ERT in the black in 2007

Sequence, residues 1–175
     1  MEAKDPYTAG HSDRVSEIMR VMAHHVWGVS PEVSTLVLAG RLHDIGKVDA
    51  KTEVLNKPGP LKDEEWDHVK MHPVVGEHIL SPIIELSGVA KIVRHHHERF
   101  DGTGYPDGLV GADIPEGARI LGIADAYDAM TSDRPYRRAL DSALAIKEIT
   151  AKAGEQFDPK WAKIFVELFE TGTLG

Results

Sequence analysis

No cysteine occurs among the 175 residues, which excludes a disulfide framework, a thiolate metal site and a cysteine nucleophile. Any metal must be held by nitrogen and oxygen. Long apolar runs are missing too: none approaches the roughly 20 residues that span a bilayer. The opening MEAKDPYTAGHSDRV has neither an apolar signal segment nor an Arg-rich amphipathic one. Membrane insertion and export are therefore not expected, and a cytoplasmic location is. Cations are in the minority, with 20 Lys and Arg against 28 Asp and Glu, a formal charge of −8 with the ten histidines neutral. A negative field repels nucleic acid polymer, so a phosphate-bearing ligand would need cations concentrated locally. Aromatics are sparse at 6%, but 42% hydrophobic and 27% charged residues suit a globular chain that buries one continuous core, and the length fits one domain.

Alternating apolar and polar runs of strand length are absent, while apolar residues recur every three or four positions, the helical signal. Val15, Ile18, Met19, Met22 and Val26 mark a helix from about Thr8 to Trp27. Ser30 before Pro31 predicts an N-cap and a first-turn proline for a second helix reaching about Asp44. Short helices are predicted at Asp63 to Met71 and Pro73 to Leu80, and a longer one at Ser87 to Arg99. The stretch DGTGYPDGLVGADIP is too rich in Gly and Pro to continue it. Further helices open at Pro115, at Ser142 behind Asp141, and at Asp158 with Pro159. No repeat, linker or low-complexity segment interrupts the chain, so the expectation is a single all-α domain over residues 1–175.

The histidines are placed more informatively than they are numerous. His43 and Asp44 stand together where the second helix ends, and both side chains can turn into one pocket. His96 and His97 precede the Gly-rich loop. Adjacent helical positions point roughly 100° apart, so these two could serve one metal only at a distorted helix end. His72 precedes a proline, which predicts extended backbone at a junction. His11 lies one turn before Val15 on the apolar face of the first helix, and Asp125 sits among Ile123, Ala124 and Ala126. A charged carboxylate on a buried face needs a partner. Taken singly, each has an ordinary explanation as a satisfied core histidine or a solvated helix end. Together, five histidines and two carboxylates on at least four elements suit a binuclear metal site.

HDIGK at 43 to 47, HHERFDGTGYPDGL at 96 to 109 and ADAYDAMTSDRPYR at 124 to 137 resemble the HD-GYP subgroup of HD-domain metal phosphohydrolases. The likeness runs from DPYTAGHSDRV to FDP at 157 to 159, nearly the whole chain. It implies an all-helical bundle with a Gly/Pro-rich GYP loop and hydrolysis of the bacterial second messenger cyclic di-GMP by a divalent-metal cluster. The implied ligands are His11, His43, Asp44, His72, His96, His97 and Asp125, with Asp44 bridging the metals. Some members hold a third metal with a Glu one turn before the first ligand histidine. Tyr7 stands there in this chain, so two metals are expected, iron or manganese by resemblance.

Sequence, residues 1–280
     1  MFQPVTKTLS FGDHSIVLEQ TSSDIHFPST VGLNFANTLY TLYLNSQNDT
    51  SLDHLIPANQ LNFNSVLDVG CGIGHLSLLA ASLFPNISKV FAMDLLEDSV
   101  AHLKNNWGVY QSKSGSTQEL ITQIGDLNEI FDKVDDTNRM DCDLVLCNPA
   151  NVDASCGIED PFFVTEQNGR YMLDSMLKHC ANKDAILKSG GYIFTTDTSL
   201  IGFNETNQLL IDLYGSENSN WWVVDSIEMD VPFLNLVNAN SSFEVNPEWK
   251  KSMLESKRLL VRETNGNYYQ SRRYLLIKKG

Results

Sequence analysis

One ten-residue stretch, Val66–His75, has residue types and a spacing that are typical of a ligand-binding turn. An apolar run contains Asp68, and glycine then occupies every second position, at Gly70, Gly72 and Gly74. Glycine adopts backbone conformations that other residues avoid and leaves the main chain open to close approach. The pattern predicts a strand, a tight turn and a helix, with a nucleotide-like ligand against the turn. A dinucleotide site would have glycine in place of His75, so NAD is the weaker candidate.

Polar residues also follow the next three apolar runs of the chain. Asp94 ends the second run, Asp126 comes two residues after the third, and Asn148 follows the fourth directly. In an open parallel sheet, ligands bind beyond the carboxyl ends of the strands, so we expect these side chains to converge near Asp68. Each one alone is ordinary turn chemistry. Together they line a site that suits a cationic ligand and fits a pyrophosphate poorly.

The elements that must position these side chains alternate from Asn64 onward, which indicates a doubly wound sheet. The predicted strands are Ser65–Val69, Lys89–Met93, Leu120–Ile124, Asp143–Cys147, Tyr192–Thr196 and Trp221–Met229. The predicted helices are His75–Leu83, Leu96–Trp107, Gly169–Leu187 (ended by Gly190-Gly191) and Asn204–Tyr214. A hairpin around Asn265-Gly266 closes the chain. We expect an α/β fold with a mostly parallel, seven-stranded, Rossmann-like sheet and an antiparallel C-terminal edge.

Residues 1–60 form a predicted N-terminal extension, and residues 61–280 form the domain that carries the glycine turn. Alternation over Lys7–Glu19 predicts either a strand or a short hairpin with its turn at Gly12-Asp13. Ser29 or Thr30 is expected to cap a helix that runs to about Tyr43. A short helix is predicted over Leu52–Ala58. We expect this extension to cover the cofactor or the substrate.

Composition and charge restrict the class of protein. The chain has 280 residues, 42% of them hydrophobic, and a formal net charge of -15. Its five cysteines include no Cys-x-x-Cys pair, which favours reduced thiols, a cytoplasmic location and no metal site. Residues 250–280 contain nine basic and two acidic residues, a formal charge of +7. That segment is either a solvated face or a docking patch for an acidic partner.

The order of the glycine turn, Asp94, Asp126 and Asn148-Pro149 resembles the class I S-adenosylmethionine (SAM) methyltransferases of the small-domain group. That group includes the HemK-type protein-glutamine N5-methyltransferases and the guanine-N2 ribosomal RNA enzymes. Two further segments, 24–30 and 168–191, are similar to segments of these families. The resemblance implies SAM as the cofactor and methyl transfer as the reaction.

Loss-making state Hellenic Broadcasting Corporation (ERT) said yesterday it will break even for the first time in its 41-year history next year thanks to higher licensing fees and advertising revenues. «We project that 2007 will be the first year that we break even since beginning operations as a TV broadcaster in the 1960s,» CEO Giorgos Houliaras told Reuters in an interview. In the last fiscal year, to June 2005, ERT posted a net loss of 28.63 million euros on turnover of 263.5 million. For the current year to 2006, turnover is forecast to rise by about 50 million euros. And by next year, the broadcaster should break even, partly thanks to ads from big budget sports events such as the World Cup, Houliaras said, without providing a specific forecast. Like other public broadcasters in Europe, such as the BBC in Britain or RAI in Italy, ERT is struggling in a competitive television market which was deregulated in the late 1980s. Once the monopoly broadcaster in Greece, ERT now survives on the margins – its three television channels have a combined market share of just 17 percent. By contrast, Greece’s two most popular broadcasters, Mega and Antenna, each have more than a 20 percent share of the market with only one channel each. A proliferation of national and regional broadcasters occupy the rest of the market. Events up revenues Advertising brings ERT only 30-35 million euros a year, accounting for about 10 percent of its income, said Houliaras. Instead, ERT relies on licensing fees – which rose 31 percent this year to 4.2 euros a month – paid by every Greek household through monthly electricity bills. Now, however, ERT is focusing on a series of high-profile sporting and other events to drive income and give private broadcasters a run for their money. The broadcaster holds the exclusive rights to this May’s Eurovision song contest and summer’s soccer World Cup. It shares broadcast rights with Mega to various Champions League soccer matches through the end of the year, but will take over the exclusive rights from January 1, 2007. In 2008, ERT also has the exclusive broadcast rights to the European soccer championships. «The strategy of ERT is to deepen its broadcast offerings and to reach the level of other public broadcasters in Europe like the BBC or RAI,» Houliaras said. Long seen as the mouthpiece of whichever political party was in office, ERT began to improve its news programming a few years ago, rebranding the second of its three channels to compete head to head with private stations on news and information. The channel, now called «New Greek Television» or NET, has gained in popularity, rising in both ratings and public opinion polls that value its credibility over racier private news shows. «As you can see, our news has become much more serious,» says Houliaras. «There has been a very big improvement in the last two years.»